in the GT3 it'll be interesting to drive this car in the wet...
Saying that the beauty of the GT4 is its ability to overlap the various corner phases and give you confidence to play with its balance even at vaguely civilised speeds. Regular Porsches just don't do this any more but in the GT4 you can relish the sense of picking up the throttle before you've even started winding the lock off, rear axle working in partnership with the front to push the car into the turn. Meaning by the time you come to exit you're already in the engine's howling sweet spot as the lock releases, the relaxed stability control permitting just the subtlest sense of rotation under power. That you feel this even with Cup rubber on a dry road is a measure of how detailed the feedback is.
The Cayman might have a half cage in the back and natty little fabric door releases. But its track pretensions are just that, given the lashings of Alcantara, contrast stitching and toys found in the cabin. The Lotus is the real thing though, kill switch and extinguisher button occupying the space where you'd usually find a radio and only the bare minimum of the aluminium tub covered in any trim whatsoever.
Evora 400, proper minimalism but carried off with style too. The removable steering wheel is beautiful; alongside the gearstick and the pedals you don't really need to focus on anything else.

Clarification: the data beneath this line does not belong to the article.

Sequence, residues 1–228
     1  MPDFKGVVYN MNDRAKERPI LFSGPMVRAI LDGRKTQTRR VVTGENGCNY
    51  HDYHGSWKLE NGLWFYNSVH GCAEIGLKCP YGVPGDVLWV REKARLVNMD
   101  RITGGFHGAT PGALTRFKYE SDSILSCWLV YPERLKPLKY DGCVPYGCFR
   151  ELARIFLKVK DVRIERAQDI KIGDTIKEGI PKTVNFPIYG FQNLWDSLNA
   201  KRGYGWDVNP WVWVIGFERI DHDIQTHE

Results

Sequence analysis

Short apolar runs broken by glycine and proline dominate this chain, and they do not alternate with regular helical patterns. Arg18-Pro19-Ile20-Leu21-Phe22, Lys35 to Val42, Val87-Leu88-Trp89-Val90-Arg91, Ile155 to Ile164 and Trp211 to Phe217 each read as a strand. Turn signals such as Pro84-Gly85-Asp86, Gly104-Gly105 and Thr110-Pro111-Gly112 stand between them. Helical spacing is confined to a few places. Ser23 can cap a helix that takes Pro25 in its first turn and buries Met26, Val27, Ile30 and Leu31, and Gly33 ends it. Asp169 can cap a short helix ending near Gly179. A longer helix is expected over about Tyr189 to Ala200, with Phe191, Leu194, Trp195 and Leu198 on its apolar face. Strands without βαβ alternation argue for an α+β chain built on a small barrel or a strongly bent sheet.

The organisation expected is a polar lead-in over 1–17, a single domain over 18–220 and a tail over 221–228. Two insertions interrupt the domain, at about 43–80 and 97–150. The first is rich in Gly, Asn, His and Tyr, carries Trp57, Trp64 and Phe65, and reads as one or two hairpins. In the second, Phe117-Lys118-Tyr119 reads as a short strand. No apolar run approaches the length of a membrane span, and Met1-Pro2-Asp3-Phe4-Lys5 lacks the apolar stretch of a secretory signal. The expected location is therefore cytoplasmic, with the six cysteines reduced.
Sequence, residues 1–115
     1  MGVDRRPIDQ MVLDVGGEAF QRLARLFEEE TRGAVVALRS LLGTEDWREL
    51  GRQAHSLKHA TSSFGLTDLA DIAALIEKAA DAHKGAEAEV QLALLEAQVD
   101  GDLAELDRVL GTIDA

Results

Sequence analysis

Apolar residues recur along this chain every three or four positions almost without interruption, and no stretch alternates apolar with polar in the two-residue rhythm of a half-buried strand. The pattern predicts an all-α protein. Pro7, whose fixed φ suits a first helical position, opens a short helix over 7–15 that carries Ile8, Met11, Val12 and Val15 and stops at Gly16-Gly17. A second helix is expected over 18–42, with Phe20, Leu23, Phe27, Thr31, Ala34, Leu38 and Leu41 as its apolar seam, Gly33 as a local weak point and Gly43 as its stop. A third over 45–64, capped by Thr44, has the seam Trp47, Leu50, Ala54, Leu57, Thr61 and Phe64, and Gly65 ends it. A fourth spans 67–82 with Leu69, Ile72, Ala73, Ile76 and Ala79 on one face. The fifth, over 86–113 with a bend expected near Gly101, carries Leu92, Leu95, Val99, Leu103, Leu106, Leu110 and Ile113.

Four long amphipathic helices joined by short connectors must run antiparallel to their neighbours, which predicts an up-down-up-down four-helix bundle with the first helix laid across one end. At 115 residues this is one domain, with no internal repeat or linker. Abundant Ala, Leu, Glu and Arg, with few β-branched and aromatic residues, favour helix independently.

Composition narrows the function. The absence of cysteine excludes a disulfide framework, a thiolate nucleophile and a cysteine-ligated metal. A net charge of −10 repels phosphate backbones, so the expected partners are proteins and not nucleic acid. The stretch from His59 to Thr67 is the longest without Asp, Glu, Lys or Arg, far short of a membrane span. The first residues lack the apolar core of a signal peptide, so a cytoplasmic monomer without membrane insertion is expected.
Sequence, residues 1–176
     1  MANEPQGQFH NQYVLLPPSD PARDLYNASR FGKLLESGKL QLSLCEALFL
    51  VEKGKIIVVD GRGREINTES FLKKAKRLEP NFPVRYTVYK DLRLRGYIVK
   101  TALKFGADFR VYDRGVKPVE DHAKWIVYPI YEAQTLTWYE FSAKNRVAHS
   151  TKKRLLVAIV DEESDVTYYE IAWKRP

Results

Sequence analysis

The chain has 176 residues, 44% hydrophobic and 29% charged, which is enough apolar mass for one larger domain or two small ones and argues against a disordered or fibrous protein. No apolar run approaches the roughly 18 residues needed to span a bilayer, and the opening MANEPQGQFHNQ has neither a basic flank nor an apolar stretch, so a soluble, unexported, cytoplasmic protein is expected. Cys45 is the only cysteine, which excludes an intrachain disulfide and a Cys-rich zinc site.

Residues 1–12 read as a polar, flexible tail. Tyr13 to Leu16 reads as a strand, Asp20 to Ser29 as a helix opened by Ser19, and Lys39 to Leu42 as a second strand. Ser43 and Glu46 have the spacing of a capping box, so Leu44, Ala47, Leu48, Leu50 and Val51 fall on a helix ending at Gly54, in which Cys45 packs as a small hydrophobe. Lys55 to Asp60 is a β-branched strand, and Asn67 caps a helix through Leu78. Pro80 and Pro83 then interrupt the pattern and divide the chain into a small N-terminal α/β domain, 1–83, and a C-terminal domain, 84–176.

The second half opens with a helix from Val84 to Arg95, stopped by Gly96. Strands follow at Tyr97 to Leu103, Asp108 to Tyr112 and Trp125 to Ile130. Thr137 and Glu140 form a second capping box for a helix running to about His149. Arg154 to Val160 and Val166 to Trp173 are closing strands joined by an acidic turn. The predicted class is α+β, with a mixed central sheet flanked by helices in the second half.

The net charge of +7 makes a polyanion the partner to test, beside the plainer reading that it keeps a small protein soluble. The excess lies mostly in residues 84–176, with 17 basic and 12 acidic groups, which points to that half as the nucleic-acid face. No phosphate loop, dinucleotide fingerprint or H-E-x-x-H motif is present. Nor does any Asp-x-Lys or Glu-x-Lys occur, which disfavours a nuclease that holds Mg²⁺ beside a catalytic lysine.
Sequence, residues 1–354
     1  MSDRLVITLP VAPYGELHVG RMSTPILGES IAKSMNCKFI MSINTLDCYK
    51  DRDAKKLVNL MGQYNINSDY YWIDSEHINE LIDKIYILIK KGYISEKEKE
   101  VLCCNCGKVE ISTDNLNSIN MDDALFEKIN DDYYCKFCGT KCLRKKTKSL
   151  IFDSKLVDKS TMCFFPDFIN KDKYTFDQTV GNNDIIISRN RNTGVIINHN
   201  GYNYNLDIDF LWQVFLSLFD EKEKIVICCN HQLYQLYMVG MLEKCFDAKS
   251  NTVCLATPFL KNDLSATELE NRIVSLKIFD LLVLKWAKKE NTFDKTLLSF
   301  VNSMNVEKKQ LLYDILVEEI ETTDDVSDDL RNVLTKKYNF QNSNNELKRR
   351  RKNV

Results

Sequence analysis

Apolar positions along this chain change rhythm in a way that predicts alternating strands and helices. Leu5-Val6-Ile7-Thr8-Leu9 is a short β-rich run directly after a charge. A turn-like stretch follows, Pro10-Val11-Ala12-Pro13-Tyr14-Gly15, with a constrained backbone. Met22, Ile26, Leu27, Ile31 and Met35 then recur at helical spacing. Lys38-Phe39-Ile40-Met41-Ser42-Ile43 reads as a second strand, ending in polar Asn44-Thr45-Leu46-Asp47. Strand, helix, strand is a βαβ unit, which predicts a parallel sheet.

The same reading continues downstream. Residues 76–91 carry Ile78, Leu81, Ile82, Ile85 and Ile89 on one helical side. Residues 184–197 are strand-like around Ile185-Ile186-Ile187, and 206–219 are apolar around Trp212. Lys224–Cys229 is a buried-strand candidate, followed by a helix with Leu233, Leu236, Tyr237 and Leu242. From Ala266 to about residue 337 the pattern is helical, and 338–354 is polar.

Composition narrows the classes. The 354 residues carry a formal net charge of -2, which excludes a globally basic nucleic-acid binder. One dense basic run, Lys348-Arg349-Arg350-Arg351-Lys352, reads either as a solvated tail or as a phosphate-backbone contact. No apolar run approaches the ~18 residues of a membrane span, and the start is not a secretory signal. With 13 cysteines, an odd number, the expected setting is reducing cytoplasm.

On the road the V6 Exige is a more muscular and physical piece of kit than the old four-cylinder one. More potent, for sure, but not quite as feral or crazed. But it's still 230kg less than the Porsche. This shows as you swap from one to the other, the supercharged Toyota engine having a more elastic power delivery than the crisp, normally aspirated Porsche in the sense that you stretch it and then - twang! - you're properly catapulted forward as if fired off the front of an aircraft carrier. For all that talk the gearing doesn't feel noticeably shorter than the Porsche but the rev range is tighter and the delivery punchier, meaning you spend more time flicking between third and fourth with second only really necessary in properly tight corners. Which is just as well, because the shift - though better than many Lotuses - still isn't quite as positive as the Cayman's.
As you'd expect, it's a much more sensory experience driving this car fast. The creaks through the structure, the whiff of fuel, the sneezes and shrieks of the supercharger - even the squelching of the dampers through big bumps - you get it all. Next time we get these two back to back it needs to involve a track and a stopwatch...